Angry response to councils' library plans

Croydon Guardian: Council announces plans for own private company to run libraries Council announces plans for own private company to run libraries

Council plans to create a private company to run its library services have sparked an angry response from campaigners.

Last year, Wandsworth and Croydon councils joined forces and put their library services out to tender, with three preferred bidders chosen.

One of them came from Wandsworth Council which has just revealed further details of its plan to do this by creating South London Library and Cultural Services (SLLCS), a private company with charity status.

It will make Croydon and Wandsworth one of the first places in the UK to outsource its library services.

Wandsworth Council said the move would improve library services and mean no library would be forced to close.

Library spokesman Councillor Jonathan Cook said: "Five years ago our options were limited but now there is a developing and competitive marketplace out there with a lot to offer.

"If an outsider can do a better job at a lower cost then we won't be afraid to take the first step.

"We've been through this process in other areas like leisure centres, refuse collection and meals on wheels.

"The results have been improved services, new ideas and better value for money."

A council document said the SLLCS would work as a separate company to the council, with current staff being transferred to the new company.

It said: "This creation of an external company, independent of the council, would complement the council’s big society policies and would help towards the general council aim of smaller government.

"The current budget for the library service is in excess of £5 million but the affordability figure for the Wandsworth contract is £4.9 million so it is anticipated that the tender process will result in a reduction in costs to the council."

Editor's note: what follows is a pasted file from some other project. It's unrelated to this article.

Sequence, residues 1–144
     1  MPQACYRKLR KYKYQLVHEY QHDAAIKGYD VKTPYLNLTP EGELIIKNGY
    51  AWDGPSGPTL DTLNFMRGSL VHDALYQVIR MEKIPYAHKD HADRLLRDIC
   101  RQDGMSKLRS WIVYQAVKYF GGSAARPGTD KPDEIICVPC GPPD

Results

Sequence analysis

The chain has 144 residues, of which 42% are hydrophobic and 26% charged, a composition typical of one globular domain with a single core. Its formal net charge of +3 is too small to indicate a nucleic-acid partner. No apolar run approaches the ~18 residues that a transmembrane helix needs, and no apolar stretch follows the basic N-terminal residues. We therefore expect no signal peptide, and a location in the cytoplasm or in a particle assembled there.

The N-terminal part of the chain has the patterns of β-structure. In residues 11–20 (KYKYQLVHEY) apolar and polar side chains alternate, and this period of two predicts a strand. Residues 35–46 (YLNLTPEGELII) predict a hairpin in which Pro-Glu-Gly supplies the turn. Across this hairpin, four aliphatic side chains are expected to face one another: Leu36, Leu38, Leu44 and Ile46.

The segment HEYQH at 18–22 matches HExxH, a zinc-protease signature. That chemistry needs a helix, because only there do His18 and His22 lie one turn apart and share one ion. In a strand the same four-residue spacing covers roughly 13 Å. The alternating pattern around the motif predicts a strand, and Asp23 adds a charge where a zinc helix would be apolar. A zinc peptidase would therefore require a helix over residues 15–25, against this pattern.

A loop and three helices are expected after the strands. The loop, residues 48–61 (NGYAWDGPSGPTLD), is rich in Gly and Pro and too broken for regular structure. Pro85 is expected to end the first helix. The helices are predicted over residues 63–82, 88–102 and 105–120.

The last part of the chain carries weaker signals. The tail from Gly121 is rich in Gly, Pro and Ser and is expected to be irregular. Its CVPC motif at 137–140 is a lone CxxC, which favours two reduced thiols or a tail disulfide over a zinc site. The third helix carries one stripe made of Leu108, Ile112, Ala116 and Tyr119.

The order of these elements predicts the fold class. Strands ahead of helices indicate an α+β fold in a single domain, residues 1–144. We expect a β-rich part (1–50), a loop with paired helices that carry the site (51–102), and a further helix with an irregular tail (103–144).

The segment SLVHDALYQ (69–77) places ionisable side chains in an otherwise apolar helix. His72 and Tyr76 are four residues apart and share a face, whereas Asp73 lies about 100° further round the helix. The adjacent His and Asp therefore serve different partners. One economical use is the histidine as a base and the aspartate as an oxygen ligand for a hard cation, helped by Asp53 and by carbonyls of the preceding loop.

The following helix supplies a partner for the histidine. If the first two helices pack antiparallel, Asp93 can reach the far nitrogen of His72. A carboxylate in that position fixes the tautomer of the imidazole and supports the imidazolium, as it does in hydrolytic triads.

But Colin Crilly, of Wandsworth Against Cuts, said: "Wandsworth Council are considering letting the Wandsworth library service run Wandsworth libraries. You couldn't make it up could you?

"To put it simply, Wandsworth council, and other local authorities are looking to offload our libraries and other public services.

"They'll blame it on the financial crisis, and then hand them over to private companies, or to charities.

"Once privatised, libraries will no longer be a service for the public, but a business."

Comments (2)

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9:00am Mon 3 Sep 12

christhegoth says...

Much as this look fine in principle ( charities are not-for-profit, so all money will go to the frontline ) I'm worried about one thing:

If Wandsworth control it and get an income from both Croydon and Wandsworth will they spend less on Croydon to make Wandsworth better? Sort of an internal stealth profit from Croydon ( running down our services ) to beef up Wandsworth?

Sadly, you just can't trust a Tory. Wandsworth may well milk us to buy votes up their way :/
Much as this look fine in principle ( charities are not-for-profit, so all money will go to the frontline ) I'm worried about one thing: If Wandsworth control it and get an income from both Croydon and Wandsworth will they spend less on Croydon to make Wandsworth better? Sort of an internal stealth profit from Croydon ( running down our services ) to beef up Wandsworth? Sadly, you just can't trust a Tory. Wandsworth may well milk us to buy votes up their way :/ christhegoth

9:46pm Mon 3 Sep 12

kingstonpaul says...

Publicly funded libraries are an anachronism. With their high quotient of retired, unemployed and benefit dependents, the core of library users make little contribution to tax revenues.
The world has moved on. In a world where information and literature is available via digital channels, councils should be developing privately funded models with the main players in the distribution of literature - which means likes of Amazon and Apple
Publicly funded libraries are an anachronism. With their high quotient of retired, unemployed and benefit dependents, the core of library users make little contribution to tax revenues. The world has moved on. In a world where information and literature is available via digital channels, councils should be developing privately funded models with the main players in the distribution of literature - which means likes of Amazon and Apple kingstonpaul

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